General practice for cleansing fresh fruits and vegetables consists of washing in ozonated water, and the wash water is recaptured and treated by filtration and ozonation. The treated wash water is free of bacteria, colour and suspended solids and can be recycled to reduce water usage. Unlike conventional halogen-based washing systems, wastewater discharged by the ozonation process is free of chemical residuals, a growing concern related to the environment and groundwater pollution.
Ozone is also commonly used in the disinfection of bottled drinking water. Ozone is particularly soluble in water; it is effective in killing microorganisms through oxidisation of their cell membranes. Ozone has a unique property of auto-decomposition and will leave no toxic residues. This feature gives bottling plants the opportunity to disinfect the drinking water and extend shelf life without chemically adding to the process water.
Is Ozone covered under the Biocidal Products Regulations?
Yes - The Biocidal Products Regulations (EU) 528/2012 (BPR) came into force on 1 September 2013 repealing the Biocidal Product Directive (Directive 98/8/EC) from this date. From 1 September 2013, Ozone is regulated as an “active substance” under the BPR.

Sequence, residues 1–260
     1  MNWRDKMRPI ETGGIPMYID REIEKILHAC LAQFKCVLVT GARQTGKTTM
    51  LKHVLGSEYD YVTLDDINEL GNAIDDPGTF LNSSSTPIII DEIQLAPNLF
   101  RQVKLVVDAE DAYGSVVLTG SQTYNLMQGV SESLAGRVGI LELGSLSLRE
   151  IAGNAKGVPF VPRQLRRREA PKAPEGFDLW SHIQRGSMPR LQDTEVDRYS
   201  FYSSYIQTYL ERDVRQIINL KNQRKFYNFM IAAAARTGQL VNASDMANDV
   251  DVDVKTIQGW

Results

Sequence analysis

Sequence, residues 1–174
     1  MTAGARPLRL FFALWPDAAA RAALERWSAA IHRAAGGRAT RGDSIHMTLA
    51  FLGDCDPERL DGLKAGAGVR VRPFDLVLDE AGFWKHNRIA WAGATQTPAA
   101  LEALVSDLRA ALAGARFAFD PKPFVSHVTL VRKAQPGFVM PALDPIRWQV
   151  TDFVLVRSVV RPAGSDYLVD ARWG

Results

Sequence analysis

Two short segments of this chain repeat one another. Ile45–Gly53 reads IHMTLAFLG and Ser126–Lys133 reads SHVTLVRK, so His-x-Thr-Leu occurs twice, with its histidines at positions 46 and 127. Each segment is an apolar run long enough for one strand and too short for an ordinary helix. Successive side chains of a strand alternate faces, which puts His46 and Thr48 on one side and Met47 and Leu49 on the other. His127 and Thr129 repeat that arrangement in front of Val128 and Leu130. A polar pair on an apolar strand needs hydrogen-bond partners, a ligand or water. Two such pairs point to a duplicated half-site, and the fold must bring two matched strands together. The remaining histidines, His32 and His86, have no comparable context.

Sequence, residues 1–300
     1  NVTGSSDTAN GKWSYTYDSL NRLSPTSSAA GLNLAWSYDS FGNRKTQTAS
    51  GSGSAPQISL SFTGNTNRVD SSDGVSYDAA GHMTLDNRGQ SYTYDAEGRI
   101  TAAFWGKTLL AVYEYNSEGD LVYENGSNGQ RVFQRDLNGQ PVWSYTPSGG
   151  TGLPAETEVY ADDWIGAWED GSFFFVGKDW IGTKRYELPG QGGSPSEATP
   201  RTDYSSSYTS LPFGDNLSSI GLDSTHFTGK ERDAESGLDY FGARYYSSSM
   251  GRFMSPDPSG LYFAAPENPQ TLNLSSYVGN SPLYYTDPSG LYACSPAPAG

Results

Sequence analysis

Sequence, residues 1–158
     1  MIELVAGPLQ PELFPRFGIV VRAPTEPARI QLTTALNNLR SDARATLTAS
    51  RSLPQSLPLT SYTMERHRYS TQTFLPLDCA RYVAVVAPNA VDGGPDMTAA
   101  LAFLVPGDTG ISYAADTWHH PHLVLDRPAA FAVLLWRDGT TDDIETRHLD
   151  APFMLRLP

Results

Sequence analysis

Under the BPR, anyone who wishes to market an ozone generator for a Biocidal application within the EU must have their product authorised in accordance with the BPR. This process currently first requires an “active substance” dossier in respect of ozone to be submitted by September 2016 and thereafter a specific application for each product to be marketed within the EU to be submitted by September 2017.
SOCOTEC, formerly ESG, is a founding member of the European Ozone Trade Association (EUOTA) which has submitted its dossier to the Biocide Products Regulations body.